It was early on a Sunday morning my Sophomore year of college. I put the phone down and started walking. I went out my dorm room, down the stairs, through the double doors, and up the long isle of the chapel. My knee hit the floor before I quickly ascended three steps, landed on both knees and pressed my forehead on cold marble. I let out a sigh and looked up at the closed golden doors in front of me. A tide of thought and feeling ebbed into the recesses of my being only to flow back as a massive wave of hot tears. I was pulled to the eucharistic adoration that morning.
Some strange gravity of grace tugged at me immediately. The news on the other end of the line was my mother’s death at the sad end to the terrible unraveling of her life. She had lost her job, her home was in foreclosure, addiction and illness had left her in ruins. Our last conversation was painful and unresolved. The news utterly crushed me. Yet, in that moment in front of the Blessed Sacrament, I found myself face to face, held, and un-alone. Where else would I have gone?
When I am lost I find myself in the Eucharist. When everything else is subject to change, the hidden manna of the Blessed Sacrament is my one constant. As a teenager when things exploded at home, I went to the adoration. As a young twenty-something in the midst of tough discernment, I went to adoration. And now—on ordinary days or evenings, trying to burn away an interior fog, I go to adoration. When I’m faced with problems that I feel unable and unequipped to fix, I go to Jesus in the Eucharist.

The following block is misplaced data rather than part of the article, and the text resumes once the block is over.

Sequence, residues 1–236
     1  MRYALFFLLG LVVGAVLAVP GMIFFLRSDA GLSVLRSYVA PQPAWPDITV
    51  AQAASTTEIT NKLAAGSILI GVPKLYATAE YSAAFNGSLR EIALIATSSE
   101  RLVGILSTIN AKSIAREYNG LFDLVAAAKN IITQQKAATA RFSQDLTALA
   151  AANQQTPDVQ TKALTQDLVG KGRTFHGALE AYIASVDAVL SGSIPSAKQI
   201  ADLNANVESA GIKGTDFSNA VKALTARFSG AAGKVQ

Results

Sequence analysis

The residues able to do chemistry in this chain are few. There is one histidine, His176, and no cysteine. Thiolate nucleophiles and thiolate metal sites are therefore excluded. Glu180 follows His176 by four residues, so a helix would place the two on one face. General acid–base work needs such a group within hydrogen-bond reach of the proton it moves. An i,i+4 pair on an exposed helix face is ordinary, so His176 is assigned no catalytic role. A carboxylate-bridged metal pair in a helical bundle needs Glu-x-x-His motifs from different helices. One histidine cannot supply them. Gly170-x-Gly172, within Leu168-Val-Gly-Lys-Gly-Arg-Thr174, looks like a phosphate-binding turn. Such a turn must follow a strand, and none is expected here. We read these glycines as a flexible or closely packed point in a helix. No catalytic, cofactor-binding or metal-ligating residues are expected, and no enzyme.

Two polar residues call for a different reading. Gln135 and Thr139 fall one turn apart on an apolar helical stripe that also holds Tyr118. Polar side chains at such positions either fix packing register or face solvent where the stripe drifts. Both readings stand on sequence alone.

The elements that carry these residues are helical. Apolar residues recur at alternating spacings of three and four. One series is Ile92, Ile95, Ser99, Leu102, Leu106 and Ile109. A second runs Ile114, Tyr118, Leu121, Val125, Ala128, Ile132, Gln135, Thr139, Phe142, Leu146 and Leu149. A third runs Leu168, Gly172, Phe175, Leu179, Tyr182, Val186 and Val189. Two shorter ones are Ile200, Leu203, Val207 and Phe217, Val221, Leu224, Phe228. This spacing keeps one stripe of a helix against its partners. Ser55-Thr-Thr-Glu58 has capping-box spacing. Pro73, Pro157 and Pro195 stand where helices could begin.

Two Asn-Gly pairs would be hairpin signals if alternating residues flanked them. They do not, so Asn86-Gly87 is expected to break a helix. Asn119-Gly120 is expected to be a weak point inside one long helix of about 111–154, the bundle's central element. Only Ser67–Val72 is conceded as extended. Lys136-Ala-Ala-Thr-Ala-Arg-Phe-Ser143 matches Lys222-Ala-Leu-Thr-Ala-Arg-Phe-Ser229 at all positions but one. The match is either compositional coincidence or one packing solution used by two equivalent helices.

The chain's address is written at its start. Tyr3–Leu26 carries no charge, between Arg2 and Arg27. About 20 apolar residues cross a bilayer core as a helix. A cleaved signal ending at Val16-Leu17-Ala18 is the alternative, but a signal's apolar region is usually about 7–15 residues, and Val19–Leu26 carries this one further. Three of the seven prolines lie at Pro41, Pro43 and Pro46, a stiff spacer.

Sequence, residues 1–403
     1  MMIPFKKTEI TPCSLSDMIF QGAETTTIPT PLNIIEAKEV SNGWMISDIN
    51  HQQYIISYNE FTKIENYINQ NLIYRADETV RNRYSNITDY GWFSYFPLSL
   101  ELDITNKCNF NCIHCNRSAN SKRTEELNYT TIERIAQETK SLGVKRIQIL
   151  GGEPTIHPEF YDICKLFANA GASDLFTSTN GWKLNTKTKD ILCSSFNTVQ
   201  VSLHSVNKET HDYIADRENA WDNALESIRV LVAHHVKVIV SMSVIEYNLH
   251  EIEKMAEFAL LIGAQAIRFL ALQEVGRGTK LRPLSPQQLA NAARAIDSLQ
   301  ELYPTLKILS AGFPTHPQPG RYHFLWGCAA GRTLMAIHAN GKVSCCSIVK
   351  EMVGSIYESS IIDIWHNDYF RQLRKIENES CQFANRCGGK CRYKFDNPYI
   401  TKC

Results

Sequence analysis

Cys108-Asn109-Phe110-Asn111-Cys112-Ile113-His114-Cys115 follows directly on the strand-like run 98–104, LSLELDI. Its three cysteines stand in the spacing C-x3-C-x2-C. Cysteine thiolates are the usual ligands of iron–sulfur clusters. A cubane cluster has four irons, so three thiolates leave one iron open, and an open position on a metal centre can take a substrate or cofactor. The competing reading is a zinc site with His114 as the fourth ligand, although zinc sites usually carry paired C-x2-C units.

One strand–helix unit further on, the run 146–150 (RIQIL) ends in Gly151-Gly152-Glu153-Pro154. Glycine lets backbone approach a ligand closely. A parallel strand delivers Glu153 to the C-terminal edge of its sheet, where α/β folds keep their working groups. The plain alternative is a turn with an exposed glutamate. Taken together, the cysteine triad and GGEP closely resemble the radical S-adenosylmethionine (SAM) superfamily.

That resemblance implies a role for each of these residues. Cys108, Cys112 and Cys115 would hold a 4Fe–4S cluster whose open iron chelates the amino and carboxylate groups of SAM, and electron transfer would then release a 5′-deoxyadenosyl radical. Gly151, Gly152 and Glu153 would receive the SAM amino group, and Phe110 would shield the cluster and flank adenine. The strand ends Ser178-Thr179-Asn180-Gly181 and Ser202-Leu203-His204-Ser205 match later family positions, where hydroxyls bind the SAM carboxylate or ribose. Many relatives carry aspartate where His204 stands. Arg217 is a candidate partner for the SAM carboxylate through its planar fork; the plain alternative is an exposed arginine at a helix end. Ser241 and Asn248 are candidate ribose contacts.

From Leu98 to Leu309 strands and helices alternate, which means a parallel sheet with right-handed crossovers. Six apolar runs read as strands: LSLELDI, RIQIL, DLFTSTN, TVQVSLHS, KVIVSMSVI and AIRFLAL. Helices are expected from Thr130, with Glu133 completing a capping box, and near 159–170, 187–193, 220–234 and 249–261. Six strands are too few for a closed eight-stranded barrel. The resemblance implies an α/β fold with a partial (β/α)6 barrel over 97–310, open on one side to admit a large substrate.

Where Else Would I Go but to Adoration?
Since the Eucharist faces me with something too wonderful to understand, it gives me hope in the face of things too terrible to understand. There is a deep comfort in the mystery. It isn’t a rational or emotional comfort, but one that moves to the heart and center where the pain is most piercing.
Last night I found myself in front of a crowd of young teens with the task of preparing them for a time of eucharistic adoration. I remembered with great gratitude the many times in my life when Jesus’ presence in the Eucharist was my deepest comfort and my anchor. Jesus wants to be there for each and every one of us in this way. Whenever I am presenting to a group of people, whether teens or adults, many are suffering from brokenness in their families, from anxieties, heartaches, questions about identity, and a number of other unspeakable aches. My own experience is that Christ alone can comfort and heal and that he does so powerfully in the Eucharist. The best thing I can do is stand and point, “Behold, the Lamb of God.”
Are you broken, weary, searching, and aching? Let the gravity of grace draw you in. Take some time today to be face to face and un-alone before the Eucharist.
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About Colin MacIver
Colin MacIver teaches theology and has served as the religion department chair and campus ministry coordinator at St. Scholastica Academy in Covington, Louisiana. He is the author of the guide to Quick Catholic Lessons with Fr. Mike. He and his wife, Aimee, are co-authors and presenters of Theology of the Body for Teens Middle School Edition and co-authors of the Chosen Parent’s and Sponsor’s Guides.
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